by Ruth Schapira
Some people read obituaries. Me, I like to read job announcements; always have.
Years ago, reading the (generation alert) “Help Wanted” classified ad section in newspapers was an enjoyable pastime for me. The larger the paper the better, and perusing those tiny boxes in The Sunday New York Times gave me some sort of satisfaction. There were just so many ads crammed on the page. I would feel content and optimistic about the many opportunities displayed within those pages. So many people could be changing their lives.
There were ads upon ads worth of reading, positions ranging from Accounting Clerks to Elevator Operators. And no wonder. Classified sections usually have 40% more print packed into the page than other pages do. How do I know this? I googled it, and found it on a specs page for the New York Times. The New York Times offers employers, recruiters, human resource professionals, headhunters and executive search firms (really, aren’t there just so many people doing the hiring?) 10 columns of newsprint while most pages contain 6 columns.
So, now I read job announcements online, and the experience is confining. Scrolling can’t be compared to the expansive world of occupational choice arrayed before you, within four fully opened newspaper pages, containing 20 columns of text. But I still gain something from the online experience. I keep current with keywords, jargon and buzzwords (not all the same thing?), I know what opportunities there are for fields that interest me, and I keep up to date with industry changes.
Some of the job postings make me laugh. Some make me cringe. One job description for a Testing Administrator required “cleaning out trash containers and turning off all lights before exiting the building in the evening”.
And then today, there was this, which I had to share with you. Ready? This is an excerpt of what I read, for real:
Actively seeking a Project Manager or Sr Project Manager with experience in a Medical Communications/ Publication Planning environment. As Project Manager you will be responsible for managing publication planning projects in a medical communications/publication planning environment.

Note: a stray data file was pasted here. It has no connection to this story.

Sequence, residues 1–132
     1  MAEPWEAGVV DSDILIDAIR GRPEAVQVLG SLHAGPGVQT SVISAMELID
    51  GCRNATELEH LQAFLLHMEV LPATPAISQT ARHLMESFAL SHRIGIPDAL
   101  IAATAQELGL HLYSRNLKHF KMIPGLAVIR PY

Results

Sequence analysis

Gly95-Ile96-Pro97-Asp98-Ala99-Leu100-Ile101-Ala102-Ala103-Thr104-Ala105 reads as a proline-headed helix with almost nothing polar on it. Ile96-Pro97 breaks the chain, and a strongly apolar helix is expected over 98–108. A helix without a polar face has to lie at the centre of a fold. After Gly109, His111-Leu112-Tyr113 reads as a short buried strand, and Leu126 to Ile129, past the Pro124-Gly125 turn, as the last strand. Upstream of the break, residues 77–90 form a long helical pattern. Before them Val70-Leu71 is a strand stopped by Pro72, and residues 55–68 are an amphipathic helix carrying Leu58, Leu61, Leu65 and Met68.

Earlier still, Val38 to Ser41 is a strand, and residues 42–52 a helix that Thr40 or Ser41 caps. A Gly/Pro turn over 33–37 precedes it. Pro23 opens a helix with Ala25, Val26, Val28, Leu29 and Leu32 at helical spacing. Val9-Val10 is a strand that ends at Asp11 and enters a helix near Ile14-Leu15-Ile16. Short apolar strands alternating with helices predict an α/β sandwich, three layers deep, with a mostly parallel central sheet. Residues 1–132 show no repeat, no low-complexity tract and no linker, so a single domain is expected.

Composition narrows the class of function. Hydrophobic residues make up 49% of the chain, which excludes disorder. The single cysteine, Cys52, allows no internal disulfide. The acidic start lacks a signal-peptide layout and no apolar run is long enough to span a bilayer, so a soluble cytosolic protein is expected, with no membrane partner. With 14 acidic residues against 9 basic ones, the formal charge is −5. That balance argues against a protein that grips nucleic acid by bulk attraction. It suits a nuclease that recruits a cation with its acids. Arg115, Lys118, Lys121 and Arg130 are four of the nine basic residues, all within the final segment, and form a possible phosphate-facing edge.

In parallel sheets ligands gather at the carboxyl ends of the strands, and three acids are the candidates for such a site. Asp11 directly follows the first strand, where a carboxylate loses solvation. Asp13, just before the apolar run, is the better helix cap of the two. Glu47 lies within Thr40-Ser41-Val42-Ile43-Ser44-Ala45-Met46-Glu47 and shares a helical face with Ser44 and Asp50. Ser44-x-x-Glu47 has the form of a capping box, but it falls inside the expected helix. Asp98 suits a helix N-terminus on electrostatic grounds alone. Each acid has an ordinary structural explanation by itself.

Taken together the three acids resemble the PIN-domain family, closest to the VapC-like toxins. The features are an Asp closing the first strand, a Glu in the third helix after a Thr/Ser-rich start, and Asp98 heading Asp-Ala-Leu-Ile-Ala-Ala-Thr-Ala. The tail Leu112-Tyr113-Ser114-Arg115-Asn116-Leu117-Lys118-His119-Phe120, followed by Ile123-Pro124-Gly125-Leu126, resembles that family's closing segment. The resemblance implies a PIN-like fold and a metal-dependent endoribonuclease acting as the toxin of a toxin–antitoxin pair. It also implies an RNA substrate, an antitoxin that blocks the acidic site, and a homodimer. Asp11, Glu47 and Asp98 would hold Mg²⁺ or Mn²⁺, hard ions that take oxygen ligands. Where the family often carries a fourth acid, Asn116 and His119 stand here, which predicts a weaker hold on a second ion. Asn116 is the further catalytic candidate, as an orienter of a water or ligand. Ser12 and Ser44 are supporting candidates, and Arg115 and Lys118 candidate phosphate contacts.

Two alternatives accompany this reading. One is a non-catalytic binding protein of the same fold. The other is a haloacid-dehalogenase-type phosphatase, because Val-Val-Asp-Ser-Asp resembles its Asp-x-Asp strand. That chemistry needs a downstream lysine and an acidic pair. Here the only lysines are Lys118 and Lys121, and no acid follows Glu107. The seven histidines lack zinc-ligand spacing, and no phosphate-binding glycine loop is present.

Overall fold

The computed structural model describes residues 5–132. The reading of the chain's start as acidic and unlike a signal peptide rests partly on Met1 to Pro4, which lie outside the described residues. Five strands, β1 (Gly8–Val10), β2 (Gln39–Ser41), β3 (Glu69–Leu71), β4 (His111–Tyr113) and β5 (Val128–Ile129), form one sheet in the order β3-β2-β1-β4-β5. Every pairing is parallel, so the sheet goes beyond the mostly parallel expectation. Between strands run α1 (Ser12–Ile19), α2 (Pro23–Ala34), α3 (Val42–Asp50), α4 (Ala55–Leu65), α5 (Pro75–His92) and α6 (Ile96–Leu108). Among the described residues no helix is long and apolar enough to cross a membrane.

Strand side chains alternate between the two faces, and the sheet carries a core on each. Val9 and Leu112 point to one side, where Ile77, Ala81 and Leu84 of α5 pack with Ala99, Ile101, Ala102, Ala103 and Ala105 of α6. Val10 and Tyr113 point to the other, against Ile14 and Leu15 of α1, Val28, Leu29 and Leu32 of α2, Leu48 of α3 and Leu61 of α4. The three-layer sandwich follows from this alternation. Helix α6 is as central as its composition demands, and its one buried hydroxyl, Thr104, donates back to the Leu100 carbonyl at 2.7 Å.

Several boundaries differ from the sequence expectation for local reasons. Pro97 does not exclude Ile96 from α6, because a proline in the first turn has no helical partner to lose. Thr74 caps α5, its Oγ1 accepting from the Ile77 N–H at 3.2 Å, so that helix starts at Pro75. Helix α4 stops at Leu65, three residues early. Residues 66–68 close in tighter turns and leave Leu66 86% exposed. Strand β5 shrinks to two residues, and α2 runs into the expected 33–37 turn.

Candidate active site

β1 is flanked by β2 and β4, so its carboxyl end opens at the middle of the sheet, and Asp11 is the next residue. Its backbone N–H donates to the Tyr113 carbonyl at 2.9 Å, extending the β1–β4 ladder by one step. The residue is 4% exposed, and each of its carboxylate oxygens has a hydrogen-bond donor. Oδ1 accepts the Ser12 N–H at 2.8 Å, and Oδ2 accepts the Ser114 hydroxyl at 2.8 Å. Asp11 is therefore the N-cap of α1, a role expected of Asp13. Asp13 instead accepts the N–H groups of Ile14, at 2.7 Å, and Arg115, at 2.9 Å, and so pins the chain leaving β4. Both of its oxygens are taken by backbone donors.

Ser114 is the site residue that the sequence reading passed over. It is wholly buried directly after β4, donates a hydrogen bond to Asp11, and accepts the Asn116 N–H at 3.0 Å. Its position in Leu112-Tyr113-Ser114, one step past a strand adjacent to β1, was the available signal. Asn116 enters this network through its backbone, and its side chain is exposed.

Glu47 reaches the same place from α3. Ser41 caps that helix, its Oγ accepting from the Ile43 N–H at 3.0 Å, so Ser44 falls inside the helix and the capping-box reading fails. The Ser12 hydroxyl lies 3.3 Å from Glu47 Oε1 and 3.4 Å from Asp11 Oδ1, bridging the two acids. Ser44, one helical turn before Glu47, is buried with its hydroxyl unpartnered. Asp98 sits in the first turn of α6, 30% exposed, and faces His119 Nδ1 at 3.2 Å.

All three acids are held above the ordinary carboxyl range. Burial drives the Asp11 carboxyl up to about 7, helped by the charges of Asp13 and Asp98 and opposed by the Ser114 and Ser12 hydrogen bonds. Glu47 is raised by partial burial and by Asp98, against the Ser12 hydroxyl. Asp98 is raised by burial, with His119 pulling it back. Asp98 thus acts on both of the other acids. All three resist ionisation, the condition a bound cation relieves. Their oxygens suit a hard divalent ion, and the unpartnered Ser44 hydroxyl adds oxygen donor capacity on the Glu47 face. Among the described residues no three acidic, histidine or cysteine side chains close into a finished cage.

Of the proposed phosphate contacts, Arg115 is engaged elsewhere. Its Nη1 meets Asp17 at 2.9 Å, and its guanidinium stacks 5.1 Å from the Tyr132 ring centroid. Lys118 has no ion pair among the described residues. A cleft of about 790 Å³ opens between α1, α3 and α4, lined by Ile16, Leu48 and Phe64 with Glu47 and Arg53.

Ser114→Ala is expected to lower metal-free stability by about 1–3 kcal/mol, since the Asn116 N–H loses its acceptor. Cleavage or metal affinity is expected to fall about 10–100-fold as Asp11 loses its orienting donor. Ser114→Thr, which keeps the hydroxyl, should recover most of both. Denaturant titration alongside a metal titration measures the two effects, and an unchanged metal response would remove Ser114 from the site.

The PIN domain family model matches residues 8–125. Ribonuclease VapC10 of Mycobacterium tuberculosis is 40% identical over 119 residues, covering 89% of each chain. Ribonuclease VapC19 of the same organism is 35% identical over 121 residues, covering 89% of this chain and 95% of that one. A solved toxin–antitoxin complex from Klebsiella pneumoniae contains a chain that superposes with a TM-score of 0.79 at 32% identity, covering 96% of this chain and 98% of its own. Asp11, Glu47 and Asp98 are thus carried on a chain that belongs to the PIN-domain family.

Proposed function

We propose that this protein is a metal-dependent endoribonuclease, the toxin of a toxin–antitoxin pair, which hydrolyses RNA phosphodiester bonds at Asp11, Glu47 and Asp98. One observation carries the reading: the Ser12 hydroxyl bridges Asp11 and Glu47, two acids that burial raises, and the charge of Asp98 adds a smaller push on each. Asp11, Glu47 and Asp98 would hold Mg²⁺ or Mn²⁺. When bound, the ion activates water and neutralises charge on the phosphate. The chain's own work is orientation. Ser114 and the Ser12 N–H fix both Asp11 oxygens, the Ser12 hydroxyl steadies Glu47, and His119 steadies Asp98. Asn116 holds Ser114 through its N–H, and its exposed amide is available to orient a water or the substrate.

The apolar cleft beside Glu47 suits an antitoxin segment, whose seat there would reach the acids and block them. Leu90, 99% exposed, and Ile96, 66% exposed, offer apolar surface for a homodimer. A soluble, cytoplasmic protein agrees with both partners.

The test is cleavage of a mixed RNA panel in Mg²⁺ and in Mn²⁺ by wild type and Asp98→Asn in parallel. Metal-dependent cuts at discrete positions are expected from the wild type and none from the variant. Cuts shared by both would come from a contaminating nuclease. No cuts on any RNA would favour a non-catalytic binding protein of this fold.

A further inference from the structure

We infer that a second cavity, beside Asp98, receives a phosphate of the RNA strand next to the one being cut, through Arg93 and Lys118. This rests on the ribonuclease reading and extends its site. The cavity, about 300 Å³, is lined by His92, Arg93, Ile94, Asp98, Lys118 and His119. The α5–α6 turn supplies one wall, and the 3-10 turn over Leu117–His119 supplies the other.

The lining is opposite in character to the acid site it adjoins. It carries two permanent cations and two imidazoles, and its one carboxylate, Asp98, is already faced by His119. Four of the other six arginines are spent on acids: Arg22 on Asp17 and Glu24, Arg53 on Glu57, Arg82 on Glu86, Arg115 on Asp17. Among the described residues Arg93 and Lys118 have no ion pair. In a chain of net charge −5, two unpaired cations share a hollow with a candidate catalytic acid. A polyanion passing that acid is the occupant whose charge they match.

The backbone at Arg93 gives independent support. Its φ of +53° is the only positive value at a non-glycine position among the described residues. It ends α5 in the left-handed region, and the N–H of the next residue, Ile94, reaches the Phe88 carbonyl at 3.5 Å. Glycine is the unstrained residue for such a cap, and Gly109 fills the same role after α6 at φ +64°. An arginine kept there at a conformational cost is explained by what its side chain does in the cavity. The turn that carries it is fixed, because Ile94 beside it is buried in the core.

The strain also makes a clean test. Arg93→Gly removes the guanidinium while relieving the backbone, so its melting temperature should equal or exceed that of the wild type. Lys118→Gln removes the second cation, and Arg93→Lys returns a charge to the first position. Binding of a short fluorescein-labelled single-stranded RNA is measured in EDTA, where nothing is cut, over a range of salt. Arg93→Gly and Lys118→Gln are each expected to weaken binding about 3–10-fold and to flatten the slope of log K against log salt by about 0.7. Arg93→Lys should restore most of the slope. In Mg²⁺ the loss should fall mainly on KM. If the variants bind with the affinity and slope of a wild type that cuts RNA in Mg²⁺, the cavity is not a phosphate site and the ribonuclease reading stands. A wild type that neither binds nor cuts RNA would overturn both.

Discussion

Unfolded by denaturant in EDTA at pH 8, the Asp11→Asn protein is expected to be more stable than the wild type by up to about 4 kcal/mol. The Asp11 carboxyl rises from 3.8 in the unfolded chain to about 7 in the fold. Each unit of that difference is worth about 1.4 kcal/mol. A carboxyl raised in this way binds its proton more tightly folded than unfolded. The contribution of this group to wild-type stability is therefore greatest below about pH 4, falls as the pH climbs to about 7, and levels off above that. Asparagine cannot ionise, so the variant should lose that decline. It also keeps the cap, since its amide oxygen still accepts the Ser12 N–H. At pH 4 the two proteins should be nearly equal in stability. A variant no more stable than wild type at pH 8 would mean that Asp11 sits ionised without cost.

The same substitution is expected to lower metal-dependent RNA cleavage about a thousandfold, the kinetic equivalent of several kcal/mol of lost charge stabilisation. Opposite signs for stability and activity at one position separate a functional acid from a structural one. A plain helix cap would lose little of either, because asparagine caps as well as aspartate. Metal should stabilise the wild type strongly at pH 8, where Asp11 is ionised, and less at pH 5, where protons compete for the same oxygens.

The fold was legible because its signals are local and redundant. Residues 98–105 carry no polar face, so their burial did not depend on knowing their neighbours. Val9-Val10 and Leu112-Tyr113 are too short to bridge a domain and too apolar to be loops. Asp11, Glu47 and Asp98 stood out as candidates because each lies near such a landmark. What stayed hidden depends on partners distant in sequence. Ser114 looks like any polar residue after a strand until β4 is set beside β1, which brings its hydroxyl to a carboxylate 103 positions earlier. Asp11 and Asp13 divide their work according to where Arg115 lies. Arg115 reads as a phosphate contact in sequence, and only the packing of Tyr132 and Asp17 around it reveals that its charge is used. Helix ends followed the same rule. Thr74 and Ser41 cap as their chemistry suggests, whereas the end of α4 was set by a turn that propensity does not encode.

Huh? So, my question is, what will you be doing if you get this job?
by Ruth Schapira
We can’t throw them out and we do love seeing our name in print—in every font imaginable, as long as it fits comfortably in a 2″ long space. So, that’s why personalized mailing labels are overfilling my desk drawer. It’s a thing you can never give away. Why do I need to have a permanent relationship with sticky pieces of paper? That’s it, first it’s these labels that I’m having to save and now the US postal service stamps that don’t expire. They both want to cozy up and make a home for themselves here forever.
I know there’s no way, even if I sent 10 letters a day, that I would use up even a fraction of the self-adhesives sitting there, reminding me that I haven’t sent a letter in a very, very long time—in what seems like forever. There are more mailing labels than you can imagine, representing all kinds of animate and inanimate objects: flowers, wreaths, candles, menorahs, baseballs, dinosaurs, stricken animals, sad children. It’s as if you did a search on Google for ‘Images that get people to feel awfully guilty and sentimental so they’ll donate to your cause’ and these are the ones that you’d find.
There was an ethical question that I heard on a radio talk show years ago: “Do I have to donate to a cause because I received personalized mailing labels from them? I do use the labels, (any guesses as to the age of the caller?) so shouldn’t I make a donation?”
“No. You didn’t ask for them, so you’re not obligated. You can use them or throw them out.”